What is the purpose of higher education? There are several possible responses to this: to get a good paying job, to create well-rounded individuals, and/or to train someone for a particular job/career. Yet, Magolda has a slightly different perspective – to help young adults through the process of self-authorship for their adult lives. Self-authorship is the ability to personally define a set of beliefs and identity in which to guide interaction with other people and the world. However, according to her research, some people (in all age groups) stagnate at the developmental stage of “Following External Formulas”. In other words, depending on experts or authority to define the facts, beliefs and requirements. This is the student who happily and diligently takes notes in class and can parrot back the information. It is an easy form of “learning” as it is just information consumption. When students/people get to the point of questioning experts and authority, they are at the “Crossroads” stage. As the apt metaphors implies, the person stands in the midst of several possible pathways/beliefs and must consider each. There is a recognition that no single way is the only way, yet as a student, this becomes frustrating. It is not easy learning, but rather, mentally exhausting. Through testing out ideas and sometimes making false starts and back tracking, students are able to articulate their own ideas, beliefs and opinions, yet at the same time, be open enough to truly listen to others. This, in Magolda’s terms is “Self-Authoring”. Is higher education the only way to achieve self-authorship? Certainly not, but it should be a place where this is a major goal.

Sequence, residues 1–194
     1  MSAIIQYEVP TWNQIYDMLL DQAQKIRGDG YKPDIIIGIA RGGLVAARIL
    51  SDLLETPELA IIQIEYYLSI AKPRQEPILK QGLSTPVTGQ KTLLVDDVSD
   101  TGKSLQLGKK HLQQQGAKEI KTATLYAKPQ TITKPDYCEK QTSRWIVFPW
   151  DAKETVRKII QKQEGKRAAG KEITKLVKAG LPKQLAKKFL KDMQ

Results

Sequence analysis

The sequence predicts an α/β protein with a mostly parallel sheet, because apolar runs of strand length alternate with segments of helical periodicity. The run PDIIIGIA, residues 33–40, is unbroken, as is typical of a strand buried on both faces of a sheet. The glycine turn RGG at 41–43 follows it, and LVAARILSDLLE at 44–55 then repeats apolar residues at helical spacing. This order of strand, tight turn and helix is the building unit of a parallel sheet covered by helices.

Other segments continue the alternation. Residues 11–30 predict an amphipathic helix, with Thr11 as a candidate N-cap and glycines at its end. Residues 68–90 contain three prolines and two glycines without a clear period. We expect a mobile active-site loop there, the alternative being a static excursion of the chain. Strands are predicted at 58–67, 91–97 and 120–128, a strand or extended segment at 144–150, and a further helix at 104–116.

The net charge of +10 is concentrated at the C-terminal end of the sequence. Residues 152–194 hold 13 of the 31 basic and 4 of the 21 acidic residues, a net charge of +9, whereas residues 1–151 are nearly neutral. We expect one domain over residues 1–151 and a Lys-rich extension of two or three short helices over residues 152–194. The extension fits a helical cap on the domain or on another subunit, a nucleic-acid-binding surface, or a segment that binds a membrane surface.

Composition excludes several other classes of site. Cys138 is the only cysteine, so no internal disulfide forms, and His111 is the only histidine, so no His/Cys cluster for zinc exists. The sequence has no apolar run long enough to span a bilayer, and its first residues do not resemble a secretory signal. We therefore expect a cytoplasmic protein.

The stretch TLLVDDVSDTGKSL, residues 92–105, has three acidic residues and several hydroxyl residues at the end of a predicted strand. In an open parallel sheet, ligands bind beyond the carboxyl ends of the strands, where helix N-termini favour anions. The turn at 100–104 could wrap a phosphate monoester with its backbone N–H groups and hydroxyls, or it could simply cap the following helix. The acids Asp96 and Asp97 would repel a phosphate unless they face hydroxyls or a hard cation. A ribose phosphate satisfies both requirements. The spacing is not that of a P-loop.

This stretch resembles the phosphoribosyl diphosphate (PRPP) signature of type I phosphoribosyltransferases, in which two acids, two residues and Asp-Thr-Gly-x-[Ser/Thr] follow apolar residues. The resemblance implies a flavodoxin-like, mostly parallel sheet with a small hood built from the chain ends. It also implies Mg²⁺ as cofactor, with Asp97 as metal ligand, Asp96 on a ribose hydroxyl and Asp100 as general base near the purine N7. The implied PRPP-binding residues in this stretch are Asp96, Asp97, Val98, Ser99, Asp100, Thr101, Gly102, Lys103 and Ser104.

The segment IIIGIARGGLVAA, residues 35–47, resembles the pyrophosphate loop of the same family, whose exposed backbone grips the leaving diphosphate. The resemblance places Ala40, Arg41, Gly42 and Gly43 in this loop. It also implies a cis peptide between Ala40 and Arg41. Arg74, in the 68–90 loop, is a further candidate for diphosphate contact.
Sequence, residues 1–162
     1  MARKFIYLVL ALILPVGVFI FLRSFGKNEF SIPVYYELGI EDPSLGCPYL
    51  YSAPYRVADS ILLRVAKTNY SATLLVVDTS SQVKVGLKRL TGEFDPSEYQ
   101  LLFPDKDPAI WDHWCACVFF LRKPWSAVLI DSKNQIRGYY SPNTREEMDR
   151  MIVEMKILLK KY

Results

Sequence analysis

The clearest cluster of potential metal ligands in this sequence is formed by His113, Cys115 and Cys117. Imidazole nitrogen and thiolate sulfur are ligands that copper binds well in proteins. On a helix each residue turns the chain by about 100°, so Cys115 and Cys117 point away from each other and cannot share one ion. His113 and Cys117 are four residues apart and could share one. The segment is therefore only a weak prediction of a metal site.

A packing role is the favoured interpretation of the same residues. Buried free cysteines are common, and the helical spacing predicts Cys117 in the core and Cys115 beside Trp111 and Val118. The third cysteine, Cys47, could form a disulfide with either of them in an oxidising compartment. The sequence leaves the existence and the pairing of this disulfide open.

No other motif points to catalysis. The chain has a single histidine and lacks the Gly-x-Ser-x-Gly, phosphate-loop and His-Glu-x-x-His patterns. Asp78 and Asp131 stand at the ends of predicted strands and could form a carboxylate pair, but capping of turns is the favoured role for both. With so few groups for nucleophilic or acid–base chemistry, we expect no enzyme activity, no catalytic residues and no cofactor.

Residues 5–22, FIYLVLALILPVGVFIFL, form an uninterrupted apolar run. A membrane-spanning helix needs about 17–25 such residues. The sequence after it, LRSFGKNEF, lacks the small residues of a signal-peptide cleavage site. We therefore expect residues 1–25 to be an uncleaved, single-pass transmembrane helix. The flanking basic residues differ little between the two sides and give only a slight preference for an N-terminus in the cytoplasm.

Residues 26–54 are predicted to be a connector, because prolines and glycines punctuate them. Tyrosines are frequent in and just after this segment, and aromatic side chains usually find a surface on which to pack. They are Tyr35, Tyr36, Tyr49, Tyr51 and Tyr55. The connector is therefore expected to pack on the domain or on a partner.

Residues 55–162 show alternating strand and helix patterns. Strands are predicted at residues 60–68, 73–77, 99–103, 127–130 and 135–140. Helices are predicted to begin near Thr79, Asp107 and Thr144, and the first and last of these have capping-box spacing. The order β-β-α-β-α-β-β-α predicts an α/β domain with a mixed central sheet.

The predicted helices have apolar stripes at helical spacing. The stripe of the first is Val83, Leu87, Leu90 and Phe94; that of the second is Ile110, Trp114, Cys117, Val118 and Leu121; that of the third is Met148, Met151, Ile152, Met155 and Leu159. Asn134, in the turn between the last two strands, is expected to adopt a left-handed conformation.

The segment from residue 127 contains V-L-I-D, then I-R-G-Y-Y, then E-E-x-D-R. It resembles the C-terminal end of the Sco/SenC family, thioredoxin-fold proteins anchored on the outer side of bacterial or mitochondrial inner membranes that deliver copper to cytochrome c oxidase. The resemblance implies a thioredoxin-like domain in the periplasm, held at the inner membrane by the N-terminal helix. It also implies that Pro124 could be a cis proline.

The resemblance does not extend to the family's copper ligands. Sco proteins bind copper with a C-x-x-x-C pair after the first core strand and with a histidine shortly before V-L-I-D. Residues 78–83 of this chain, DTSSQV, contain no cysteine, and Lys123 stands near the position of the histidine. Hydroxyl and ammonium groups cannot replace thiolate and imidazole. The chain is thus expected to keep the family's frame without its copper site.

To reach this goal, teacher/mentors need to build developmental bridges at the leading edge of the person’s developmental phase and, as a partner, walk along side them on the bridge. This metaphor is quite compatible with constructivist pedagogy. Rather than pulling students kicking and screaming into new understandings, guidance is provided to lead them through the content and processes needed. Meeting students where they are, knowing where they want/should go, and providing opportunities for them to achieve this is a tremendous task for teachers/mentors.
Magolda has developed these ideas through a 24 year study. Quite impressively, the group began with 101 college freshman, then 80 graduating seniors, and just recently, follow-up with 36 of the original group. Her study has been reported in various books including: Authoring Your Life, Making Their Own Way, and Knowing and Reasoning in College. The application of these ideas can be found in Creating Contexts for Learning and Self-Authorship: Constructive-Developmental Pedagogy and Learning Partnerships.
I am interested in seeing more about the “Bridges”. How do I guide students through the various phases of reasoning, and especially when there would be students of all phases within one class? In a traditional sense, this would be called differentiation of curriculum, but it is more than a focus on ability or skill, but a recognition of individual reasoning and identity formation.